Crime Lab Analyst Working Conditions

The majority of crime lab analysts work in medical and diagnostic labs, or state governments. (see ref 2)

The majority of crime lab analysts work in medical and diagnostic labs, or state governments. (see ref 2)

Crime lab analysts, or forensic science technicians, work behind the scenes to collect, identify and analyze evidence in criminal investigations, according to the U.S. Bureau of Labor Statistics. They conduct tests on items or individuals related to criminal investigation. While primarily working to solve criminal puzzles, they may be called to testify in court on their findings and results. Some crime lab analysts specialize in an area such as ballistics or biochemistry.

Work Demands

According to the U.S. Bureau of Labor Statistics, crime lab analysts generally work traditional hours and earned a median annual wage of $51,570 as of May 2010. Beyond a typical 40 hour work week, some may be on call or needed outside of regular business hours to work on a crime scene or analyze time-sensitive evidence. Lab work can be complicated and thrilling for analysts who enjoy a challenge. Depending on the employer and employee's expertise, analysts may specialize in a particular area where cases can become rather routine, while others are generalists and see greater variation in their work load.

Physical Demands

Crime lab analysts generally work indoors. They must be physically capable of operating and interpreting laboratory equipment such as microscopes and entering information into a database. Much of the working time is spent focused on solving a problem and mental acuity is required. Crime lab analysts may spend a significant amount of time on their feet, standing or walking in the laboratory. Some crime lab analysts spend time travelling to crime scenes to collect or process evidence on-site, as well as to testify in court.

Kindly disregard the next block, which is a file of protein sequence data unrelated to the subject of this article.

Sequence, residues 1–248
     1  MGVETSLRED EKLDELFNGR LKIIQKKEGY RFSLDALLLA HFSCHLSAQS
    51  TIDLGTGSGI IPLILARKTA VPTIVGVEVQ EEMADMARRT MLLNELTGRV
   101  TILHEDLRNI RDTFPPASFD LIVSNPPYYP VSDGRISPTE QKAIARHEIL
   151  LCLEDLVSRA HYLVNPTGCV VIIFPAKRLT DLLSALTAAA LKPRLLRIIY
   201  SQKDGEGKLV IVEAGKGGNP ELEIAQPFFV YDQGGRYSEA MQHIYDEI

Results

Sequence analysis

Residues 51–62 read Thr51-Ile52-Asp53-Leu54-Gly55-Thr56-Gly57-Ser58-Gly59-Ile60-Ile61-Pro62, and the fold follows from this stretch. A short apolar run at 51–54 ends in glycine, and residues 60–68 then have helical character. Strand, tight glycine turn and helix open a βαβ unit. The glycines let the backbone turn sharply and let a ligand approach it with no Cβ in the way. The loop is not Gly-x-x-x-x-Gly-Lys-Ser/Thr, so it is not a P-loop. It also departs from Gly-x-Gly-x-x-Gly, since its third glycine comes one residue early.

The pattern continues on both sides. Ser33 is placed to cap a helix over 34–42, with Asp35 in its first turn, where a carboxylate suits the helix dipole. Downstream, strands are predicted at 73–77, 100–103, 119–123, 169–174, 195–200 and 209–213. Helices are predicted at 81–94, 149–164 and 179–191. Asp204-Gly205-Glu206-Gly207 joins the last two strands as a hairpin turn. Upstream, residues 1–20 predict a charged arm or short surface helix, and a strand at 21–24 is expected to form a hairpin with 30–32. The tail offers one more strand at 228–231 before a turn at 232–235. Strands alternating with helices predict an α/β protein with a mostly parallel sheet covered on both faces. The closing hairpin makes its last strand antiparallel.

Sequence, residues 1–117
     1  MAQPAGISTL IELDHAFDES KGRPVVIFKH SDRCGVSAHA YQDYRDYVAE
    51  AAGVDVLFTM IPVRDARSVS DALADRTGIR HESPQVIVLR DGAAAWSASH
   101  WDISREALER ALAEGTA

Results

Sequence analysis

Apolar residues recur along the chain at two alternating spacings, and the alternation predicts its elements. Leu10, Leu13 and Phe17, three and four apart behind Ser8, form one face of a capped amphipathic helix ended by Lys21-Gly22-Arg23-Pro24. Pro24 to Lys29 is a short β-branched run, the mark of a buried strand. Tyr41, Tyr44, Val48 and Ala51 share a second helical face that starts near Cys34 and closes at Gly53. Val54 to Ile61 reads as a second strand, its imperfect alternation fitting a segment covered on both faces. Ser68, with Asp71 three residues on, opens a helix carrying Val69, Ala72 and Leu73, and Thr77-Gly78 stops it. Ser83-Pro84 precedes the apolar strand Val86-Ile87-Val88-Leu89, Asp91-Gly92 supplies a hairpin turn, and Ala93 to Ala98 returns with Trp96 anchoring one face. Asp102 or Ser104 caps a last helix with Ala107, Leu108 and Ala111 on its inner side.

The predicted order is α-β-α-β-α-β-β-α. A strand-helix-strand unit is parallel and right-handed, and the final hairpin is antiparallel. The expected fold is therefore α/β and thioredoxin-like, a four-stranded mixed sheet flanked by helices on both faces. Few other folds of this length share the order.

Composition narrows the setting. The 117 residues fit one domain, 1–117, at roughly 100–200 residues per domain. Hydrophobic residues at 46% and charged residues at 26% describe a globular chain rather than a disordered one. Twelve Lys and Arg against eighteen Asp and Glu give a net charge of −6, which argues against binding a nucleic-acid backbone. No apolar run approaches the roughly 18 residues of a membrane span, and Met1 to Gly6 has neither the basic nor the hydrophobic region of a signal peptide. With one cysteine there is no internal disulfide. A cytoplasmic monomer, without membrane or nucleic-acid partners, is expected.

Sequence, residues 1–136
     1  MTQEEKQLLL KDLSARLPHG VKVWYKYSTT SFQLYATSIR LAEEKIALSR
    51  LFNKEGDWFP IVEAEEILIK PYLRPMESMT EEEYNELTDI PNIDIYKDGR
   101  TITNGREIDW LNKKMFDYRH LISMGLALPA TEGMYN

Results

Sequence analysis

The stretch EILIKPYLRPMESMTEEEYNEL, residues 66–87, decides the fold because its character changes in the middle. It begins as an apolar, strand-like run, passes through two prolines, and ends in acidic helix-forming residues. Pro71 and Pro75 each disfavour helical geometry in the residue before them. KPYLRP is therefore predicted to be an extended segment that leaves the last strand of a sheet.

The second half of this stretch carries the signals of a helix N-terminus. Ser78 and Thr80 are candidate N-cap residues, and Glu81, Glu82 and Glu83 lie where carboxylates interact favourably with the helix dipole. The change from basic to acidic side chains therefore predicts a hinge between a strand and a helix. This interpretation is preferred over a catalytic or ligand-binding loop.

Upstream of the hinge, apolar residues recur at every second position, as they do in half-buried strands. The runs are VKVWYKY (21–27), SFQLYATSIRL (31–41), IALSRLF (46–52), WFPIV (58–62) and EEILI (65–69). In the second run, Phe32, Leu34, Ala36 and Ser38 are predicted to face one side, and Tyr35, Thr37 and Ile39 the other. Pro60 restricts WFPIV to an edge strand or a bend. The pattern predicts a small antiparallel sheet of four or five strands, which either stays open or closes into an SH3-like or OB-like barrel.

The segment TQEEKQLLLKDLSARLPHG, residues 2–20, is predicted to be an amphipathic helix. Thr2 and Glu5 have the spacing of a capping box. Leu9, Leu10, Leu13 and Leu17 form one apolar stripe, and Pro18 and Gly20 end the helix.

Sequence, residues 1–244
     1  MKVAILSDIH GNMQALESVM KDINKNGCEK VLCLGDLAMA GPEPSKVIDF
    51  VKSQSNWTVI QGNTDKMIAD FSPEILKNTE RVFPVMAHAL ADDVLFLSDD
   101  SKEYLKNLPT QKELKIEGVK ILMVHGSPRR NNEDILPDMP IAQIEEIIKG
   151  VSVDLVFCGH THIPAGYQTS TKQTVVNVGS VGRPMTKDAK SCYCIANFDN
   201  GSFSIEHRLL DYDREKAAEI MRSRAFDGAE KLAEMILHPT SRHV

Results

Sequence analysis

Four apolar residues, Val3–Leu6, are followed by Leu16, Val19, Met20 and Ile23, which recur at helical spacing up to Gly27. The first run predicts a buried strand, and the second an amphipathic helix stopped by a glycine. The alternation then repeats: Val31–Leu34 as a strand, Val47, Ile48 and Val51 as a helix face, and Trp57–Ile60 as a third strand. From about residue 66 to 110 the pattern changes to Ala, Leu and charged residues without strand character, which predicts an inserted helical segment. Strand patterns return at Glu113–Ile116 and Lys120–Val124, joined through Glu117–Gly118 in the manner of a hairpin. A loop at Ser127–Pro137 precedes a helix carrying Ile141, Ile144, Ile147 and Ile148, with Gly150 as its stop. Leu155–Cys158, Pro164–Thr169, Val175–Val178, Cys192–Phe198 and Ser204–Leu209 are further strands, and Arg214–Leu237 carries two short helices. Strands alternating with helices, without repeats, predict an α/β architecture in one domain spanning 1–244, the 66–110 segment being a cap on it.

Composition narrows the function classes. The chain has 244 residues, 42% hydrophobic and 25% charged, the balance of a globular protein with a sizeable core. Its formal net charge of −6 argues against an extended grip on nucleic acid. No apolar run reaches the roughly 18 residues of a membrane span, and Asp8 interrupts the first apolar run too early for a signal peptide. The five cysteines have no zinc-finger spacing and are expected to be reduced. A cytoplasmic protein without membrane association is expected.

Primary Employers

Combined, the branches of government employ most crime lab analysts. Specifically, the U.S Bureau of Labor Statistics reports that 16 percent worked for state government, 14 percent worked for local government and one percent worked for the federal government in May 2012. The job market for crime lab analysts is expected to grow about 19 percent between 2010 to 2020, according to the U.S. Bureau of Labor Statistics. This is about average. Competition is expected to be strong and actual hiring may vary significantly from year-to-year depending on government agency budgets.

Work Environment Concerns

This work environment presents unique risks and concerns. Crime lab analysts are exposed to a variety of hazards such as chemicals, human fluids, diseases and weapons. Safety precautions are taken to minimize risks associated with exposure. The work can also be distressing, as crime lab analysts are exposed to many types of crime, some horrific in nature. Work-related injuries from accidents or exposure to substances or firearms in the lab can also occur.

 

About the Author

Sara Mahuron specializes in adult/higher education, parenting, budget travel and personal finance. She earned an M.S. in adult/organizational learning and leadership, as well as an Ed.S. in educational leadership, both from the University of Idaho. Mahuron also holds a B.S. in psychology and a B.A. in international studies-business and economics.

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